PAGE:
Tuesday, September 30, 2008

Education 101

Paradigm shifting defininitions that have helped me understand the goals and processes of education.

Skills vs. Content

Memory vs. Overview

Skills: Proficiency, facility, or dexterity that is acquired or developed through training or experience; ability. Skills are tools needed in order to learn or grow in areas: phonics, ability to memorize, the mechanics of writing (how to hold a pencil, control the pencil, the shape of the letters), counting, math facts, grammar, etc. Skills are sorely overlooked in modern education and are becominig increasingly so.

For instance, phonics. Phonics is the skill of decoding the written word. Decoding has often been replaced with the whole-word method of learning to read. While some words are clearly words that need memorized vs. decoded such as was, you, etc. the majority of English words can easily be decoded given the proper tools. Skills are the baby steps (the grammar stage) of most areas of study. Without understanding the skills necessary to grammar (such as the definitions of the parts of speech and the ability to diagram) the study of a 2nd language becomes torment. Without basic math skills aglebra is laborious.

Content is "the substantive or meaningful part: “The brain is hungry not for method but for content, especially content which contains generalizations that are powerful, precise, and explicit” (Frederick Turner). Perhaps because the brain is hungry for content we find it easier to overlook skills. Content includes those areas of study such as history, literature, the Bible, the aquisition of a 2nd language. Apparently the government school system also believes that content includes sex education as well as other ideologies that are best kept within the context of home and church. While government schools take ground and liberty to introduce inapporpriate content to our progeny the church and family give it up. Not a win-win in my economy. But I digress.

Most skills allow us to truly enjoy the content of various subjects. If I have aquired skills in history, such as a memorized timeline and a solid understanding of geography, then my content gathering will be so much more enriched and enlivened. I will make connections between people and places. If I were to simply focus on content each history lesson would be a stand-alone story, not a rich narrative that allows the beauty and wonder of His narrative to unfold. I won't be able to fully appreciate the amazing complexities of serendipity in the world or have a good sense of the part that I play in it all. It's all decontextualized, whitewashed and dull.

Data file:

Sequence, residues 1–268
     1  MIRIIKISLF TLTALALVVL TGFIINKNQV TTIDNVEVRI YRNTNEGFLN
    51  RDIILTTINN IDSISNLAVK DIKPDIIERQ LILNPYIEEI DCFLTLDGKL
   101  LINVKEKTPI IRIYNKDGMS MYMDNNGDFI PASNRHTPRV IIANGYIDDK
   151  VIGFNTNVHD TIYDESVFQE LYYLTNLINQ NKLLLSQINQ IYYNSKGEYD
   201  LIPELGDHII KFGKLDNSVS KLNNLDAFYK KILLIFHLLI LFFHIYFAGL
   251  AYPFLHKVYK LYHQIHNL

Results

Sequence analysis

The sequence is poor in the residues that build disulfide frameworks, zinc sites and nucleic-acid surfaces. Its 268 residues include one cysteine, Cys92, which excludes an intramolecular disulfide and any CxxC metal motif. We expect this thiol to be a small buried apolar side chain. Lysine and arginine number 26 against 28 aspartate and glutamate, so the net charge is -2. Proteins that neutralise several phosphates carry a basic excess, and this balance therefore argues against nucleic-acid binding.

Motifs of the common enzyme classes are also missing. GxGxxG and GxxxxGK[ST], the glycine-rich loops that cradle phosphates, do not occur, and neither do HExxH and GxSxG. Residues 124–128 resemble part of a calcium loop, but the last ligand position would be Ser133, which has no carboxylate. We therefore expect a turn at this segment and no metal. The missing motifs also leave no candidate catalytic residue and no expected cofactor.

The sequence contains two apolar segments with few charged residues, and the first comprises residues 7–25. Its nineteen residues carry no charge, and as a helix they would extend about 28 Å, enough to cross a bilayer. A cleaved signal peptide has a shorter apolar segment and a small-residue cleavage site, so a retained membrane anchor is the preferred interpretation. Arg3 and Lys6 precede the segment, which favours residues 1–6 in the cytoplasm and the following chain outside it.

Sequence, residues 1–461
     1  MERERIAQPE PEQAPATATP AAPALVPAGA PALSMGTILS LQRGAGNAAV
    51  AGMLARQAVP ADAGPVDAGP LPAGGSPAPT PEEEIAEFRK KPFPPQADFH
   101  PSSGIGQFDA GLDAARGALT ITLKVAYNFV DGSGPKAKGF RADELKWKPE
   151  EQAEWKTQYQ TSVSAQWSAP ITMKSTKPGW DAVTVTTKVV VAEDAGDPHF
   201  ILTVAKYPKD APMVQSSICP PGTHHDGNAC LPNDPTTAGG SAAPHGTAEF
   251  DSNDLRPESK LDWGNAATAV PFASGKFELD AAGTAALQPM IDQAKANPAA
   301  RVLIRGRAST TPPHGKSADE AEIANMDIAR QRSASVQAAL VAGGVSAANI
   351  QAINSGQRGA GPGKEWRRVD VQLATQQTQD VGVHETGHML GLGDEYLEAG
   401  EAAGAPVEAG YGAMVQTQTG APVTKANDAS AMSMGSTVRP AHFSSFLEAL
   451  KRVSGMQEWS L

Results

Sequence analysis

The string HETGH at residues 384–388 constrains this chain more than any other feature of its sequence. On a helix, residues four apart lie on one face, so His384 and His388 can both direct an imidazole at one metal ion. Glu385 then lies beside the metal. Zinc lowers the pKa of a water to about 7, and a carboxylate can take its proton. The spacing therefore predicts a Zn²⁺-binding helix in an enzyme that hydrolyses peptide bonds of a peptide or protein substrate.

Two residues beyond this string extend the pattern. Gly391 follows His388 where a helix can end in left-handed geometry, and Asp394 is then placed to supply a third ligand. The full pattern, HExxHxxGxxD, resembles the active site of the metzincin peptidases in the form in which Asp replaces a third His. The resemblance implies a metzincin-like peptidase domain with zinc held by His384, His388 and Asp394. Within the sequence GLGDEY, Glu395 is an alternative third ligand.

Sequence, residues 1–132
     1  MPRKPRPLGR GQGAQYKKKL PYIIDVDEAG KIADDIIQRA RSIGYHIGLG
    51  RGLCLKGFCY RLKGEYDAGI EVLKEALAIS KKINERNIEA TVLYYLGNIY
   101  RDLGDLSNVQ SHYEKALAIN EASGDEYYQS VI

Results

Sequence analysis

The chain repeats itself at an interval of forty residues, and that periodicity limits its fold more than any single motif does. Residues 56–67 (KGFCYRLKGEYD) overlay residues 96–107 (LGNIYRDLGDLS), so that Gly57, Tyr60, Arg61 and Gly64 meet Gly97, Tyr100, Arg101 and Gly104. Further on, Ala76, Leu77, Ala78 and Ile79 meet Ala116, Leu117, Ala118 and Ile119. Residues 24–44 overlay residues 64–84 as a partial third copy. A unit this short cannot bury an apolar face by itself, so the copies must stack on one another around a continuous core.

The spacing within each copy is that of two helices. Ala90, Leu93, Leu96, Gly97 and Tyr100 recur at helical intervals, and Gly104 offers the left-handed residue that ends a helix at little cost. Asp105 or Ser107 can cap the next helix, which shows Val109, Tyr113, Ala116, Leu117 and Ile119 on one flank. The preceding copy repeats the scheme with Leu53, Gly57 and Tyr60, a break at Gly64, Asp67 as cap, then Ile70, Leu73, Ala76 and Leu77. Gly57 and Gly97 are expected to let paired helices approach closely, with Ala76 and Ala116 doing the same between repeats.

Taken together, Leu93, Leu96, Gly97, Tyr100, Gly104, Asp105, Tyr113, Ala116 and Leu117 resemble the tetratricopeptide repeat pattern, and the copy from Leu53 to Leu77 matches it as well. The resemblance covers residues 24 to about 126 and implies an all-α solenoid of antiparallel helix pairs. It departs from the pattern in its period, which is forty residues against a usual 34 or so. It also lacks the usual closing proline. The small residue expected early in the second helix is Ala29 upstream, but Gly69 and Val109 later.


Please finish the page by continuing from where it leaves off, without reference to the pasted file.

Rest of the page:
Secondly, Memorizatin vs. Overview

Memorization is the mental faculty of retaining and recalling past experience. How often and clearly memory work is overlooked in education. I am always astonished when we read the Little House books by Laura Ingalls Wilder. In The Long Winter I believe, she recounts a recitation her school gave for the community as a form of entertainment. The amount and skill of memory work that the students demonstrated was astonishing! Memory work is that which we know that we know. Think of the alphabet. Most of us have this memorized. If I were to state a letter you would immediatly have the shape and sound of it in your head, know how to use it at the beginning, middle and end of the word and feel comfortable explaining to others how to write it and sound it out. Barring any disability you will be able to do this your entire lifetime. That is because you have the alphabet memorized. You KNOW it. If I were to mention a concept found in freshman biology, however, we might have a vague understanding of it, be able to speculate about it a little bit, but for the majority of us, that's about as far as we'll get. We've overviewed biology- we have some basic concpets, we are aware of what it is about, but we haven't memorized it. True memorization takes diligence and mnuemonic skills. It's hard work, that, like most skills, gets easier with time and practice.